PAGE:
Zimbabwe: Harava Solar Project Shines Light On Zim
Moves to finalise the construction of the 20MW Harava Solar Project (HSP), a few kilometres south-east of the capital, have shown a good example of how it is possible for Zimbabwe to tap into green energy.
Despite the difficult operating environment, Zimbabwe is pushing by all means necessary to complete solar energy power plants, as it seeks to boost its use of renewable energy over the coming years.
The Harava solar project, on a 28-hectare piece of land with 66 000 monocrystaline – 400 watts solar panels, is now 70 percent complete, brightening hopes for the station to start feeding into the national grid at Dema sub-station in two months.
This should boost the country’s main Zesa national energy grid, which is under severe demand pressure, as 20MW can light up several households.
The construction of Harava solar project is taking place with the active participation of the Seke rural community.
Workers drawn from Seke rural district make up 90 percent of the workforce, something which has brought cheer to the locals in search of jobs.
In addition to this, the local community owns 7.3 percent of the project under a Community Share Ownership Trust Scheme.
Apart from getting energy to light their homes, the Seke community will benefit through sourcing power for a 60-hectare irrigation scheme set aside for horticulture.
When complete, the plant will provide clean, reliable power to over 45 000 households and a stable source of energy to foster the development of the local economy.
Zimbabwe is now focused on renewable energy development to fix the energy crisis facing the country which has seen consumers sometimes enduring power blackouts.
The crisis had forced Zesa to import power and to ration energy to cope with the demand for power across the country.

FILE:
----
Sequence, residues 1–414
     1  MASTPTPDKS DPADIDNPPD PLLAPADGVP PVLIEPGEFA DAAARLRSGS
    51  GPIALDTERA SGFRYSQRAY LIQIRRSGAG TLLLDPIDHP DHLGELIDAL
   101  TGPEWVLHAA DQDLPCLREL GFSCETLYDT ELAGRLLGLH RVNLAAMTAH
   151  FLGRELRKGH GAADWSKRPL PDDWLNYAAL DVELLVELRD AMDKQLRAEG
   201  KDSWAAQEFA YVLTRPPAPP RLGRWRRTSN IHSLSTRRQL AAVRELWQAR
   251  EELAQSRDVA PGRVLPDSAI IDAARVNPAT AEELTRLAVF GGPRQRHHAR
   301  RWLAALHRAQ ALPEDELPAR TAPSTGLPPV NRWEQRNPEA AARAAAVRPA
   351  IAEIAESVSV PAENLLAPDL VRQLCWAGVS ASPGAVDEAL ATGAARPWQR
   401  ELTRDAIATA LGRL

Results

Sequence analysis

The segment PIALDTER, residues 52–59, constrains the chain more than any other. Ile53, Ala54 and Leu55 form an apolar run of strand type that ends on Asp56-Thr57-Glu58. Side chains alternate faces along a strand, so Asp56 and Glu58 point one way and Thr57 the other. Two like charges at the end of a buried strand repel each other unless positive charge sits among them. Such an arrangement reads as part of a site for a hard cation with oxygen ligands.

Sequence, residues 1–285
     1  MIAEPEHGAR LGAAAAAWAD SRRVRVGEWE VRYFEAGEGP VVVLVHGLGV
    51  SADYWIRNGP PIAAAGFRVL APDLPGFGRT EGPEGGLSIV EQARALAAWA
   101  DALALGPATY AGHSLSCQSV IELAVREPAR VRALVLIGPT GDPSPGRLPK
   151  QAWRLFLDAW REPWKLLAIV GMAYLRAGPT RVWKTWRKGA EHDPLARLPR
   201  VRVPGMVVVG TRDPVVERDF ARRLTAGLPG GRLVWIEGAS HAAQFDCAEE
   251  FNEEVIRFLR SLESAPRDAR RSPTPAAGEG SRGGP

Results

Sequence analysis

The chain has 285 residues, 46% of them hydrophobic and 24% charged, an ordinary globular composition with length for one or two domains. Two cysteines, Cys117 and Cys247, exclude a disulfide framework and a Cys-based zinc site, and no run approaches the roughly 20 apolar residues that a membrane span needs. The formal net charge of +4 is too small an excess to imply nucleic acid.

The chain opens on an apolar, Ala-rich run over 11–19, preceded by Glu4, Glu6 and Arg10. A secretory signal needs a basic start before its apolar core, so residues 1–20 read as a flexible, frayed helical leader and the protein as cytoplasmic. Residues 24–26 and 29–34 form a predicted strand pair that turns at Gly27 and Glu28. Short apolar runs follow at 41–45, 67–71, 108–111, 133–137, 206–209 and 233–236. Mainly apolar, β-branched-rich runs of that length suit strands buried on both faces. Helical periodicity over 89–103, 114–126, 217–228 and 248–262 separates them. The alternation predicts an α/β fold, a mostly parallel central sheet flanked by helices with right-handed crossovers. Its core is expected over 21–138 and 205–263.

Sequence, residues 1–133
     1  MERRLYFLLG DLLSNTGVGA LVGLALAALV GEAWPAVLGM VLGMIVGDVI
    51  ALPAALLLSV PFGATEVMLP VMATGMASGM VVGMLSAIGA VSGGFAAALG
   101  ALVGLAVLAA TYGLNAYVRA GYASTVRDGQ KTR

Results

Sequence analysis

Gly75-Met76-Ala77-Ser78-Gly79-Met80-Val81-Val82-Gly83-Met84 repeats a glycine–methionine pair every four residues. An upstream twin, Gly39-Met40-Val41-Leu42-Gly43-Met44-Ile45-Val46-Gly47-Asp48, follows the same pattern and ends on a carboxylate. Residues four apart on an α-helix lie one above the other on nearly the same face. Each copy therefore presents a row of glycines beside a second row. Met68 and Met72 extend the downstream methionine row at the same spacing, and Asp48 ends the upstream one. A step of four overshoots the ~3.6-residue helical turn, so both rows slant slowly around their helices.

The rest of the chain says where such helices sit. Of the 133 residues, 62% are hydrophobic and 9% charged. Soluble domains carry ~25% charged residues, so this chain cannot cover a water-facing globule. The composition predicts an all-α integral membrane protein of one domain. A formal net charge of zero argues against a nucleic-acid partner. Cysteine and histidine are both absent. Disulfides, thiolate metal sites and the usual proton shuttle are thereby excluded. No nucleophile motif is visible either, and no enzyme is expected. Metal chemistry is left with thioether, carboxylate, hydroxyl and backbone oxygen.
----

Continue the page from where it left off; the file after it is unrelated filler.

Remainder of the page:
HSP is among the 39 solar projects that were given a nod last year by the Zimbabwe Energy Regulatory Authority (Zera), with the thrust to improve power generation up to 1,151.87MW.
Centragrid, which is based in Nyabira, about 40km from central Harare, has started feeding 2.5MW into the national grid.
Government has approved the implementation of a large-scale programme to promote the importation and local production of solar equipment and the use of solar power as an alternative energy source.
It has also offered special incentives through duty waivers on imported solar equipment to help boost the construction of solar projects across the country.
Harava Solar co-founder and chief executive officer Mr Ainos Ngadya said the final stage to the completion of the plant involved the mounting of the panels.
“The project is now 70 percent complete and we are expecting to start feeding into the national grid in the next two months,” he said.
“All the equipment required to complete the project is now available, so we are sure the power plant will soon evacuate power into the national grid, feeding into the Dema substation.”
Upon completion, said Mr Ngadya, his company would start scholarship programmes mainly focusing on the girl child in line with the continent’s Sustainable Development Goals (SDGs) of improving gender parity.